The Latest: Lobbyist concerned speaker's request was illegal

AP News
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Posted: Jun 01, 2016 12:24 PM
The Latest: Lobbyist concerned speaker's request was illegal

MONTGOMERY, Ala. (AP) — The Latest on the trial of Alabama House Speaker Mike Hubbard (all times local):

11:05 a.m.

A political consultant and lobbyist says Mike Hubbard was stressed out over his personal finances when the House speaker asked him to invest in his printing company.

Dax Swatek has been close to Hubbard, one of three lobbyists who met weekly with him in the speaker's office.

He testified Wednesday that it was an "awkward" moment when he told Hubbard that he couldn't invest $150,000 in his company.

The lobbyist said he was concerned that it was against state ethics law for him to give the money to an elected politician, and for Hubbard to ask for it.

Hubbard is accused of using his political positions as speaker and state Republican party chairman to make money and solicit financial favors from lobbyists and others.

Hubbard has argued that these transactions were legal and allowed under an exception for longstanding friendships.

Swatek said he was one of three lobbyists who had weekly with Hubbard in the speaker's office.

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9:30 a.m.

Gov. Robert Bentley has testified under oath in the ethics trial of the Alabama house speaker, saying that he remembers meeting with Mike Hubbard to discuss what he described as economic development projects.

Prosecutors are seeking to prove that Hubbard was being paid up to $12,000 a month to illegally lobby the governor on behalf of his business clients — a municipal gas company and a maker of plastic cups.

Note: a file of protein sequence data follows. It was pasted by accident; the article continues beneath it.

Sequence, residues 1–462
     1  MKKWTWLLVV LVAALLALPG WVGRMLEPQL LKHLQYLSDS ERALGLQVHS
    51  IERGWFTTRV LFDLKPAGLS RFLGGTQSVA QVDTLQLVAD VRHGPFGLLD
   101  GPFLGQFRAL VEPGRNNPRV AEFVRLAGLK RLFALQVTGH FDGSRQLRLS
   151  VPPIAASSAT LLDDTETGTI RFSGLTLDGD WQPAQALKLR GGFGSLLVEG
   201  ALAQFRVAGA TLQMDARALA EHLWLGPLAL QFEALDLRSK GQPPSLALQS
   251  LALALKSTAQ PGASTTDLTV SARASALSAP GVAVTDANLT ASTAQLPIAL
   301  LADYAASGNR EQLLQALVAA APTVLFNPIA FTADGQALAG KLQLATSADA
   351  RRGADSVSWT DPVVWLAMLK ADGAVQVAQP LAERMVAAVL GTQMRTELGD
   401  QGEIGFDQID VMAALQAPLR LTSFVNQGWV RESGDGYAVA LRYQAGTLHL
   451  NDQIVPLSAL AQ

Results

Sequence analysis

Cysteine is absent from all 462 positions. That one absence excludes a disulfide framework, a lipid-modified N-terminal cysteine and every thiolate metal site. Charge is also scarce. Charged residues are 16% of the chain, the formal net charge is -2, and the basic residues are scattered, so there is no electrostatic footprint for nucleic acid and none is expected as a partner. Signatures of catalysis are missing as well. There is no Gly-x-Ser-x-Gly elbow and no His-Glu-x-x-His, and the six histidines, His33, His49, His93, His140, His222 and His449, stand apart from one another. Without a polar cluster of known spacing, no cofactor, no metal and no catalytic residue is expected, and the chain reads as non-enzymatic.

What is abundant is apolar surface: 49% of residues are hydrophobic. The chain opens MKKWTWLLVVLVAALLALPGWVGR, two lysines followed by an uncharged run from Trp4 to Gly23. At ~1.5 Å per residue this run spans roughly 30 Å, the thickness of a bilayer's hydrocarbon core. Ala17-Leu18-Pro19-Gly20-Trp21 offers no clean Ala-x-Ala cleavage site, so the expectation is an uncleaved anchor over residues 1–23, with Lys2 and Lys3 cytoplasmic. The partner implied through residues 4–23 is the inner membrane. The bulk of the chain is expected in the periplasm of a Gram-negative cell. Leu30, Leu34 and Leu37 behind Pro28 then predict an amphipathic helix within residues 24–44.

A state prosecutor showed Bentley reports Hubbard sent his clients describing how he met with the governor on projects that could benefit them. The governor said he remembered the meetings.

On cross-examination, Bentley told a defense lawyer that he thought the projects were good for the state because they would bring jobs.

Bentley faces his own trouble: Eleven lawmakers resolved to impeach him after he acknowledged sending sexually suggestive messages to a female aide.

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8:30 a.m.

Alabama Gov. Robert Bentley has arrived at a Lee County courthouse to testify in the ethics trial of Alabama House speaker Mike Hubbard.

Bentley is expected to be one of the first witnesses Wednesday morning. Prosecutors will ask Bentley about meetings with Hubbard and if Hubbard lobbied him on behalf of a business client. Alabama ethics law prohibits legislators from being paid to lobby executive branch offices.

The governor was met at the courthouse by his legal adviser, personal attorney and spokeswoman.

Bentley's testimony is expected to be a dramatic moment in the corruption trial of the Republican speaker.

Hubbard faces 23 ethics charges accusing him of using his political positions to make $2.3 million in work and investments. Hubbard has maintained his innocence.

However, the Republican governor in recent months has been at the center of his own scandal. Bentley admitted making sexually charged remarks to a former female aide.

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3:45 a.m.

Alabama Gov. Robert Bentley is taking the witness stand in the ethics trial of the state's House speaker.

Prosecutors plan to call Bentley to testify Wednesday morning about meetings with House Speaker Mike Hubbard and if Hubbard lobbied him on behalf of a business client. Alabama ethics law prohibits legislators from being paid to lobby executive branch offices.

Bentley's testimony is expected to be a dramatic moment in the corruption trial of the Republican speaker.

Hubbard faces 23 ethics charges accusing him of using his political positions to make $2.3 million in work and investments. Hubbard has maintained his innocence.

However, the Republican governor in recent months has been at the center of his own scandal. Bentley admitted making sexually charged remarks to a former female aide.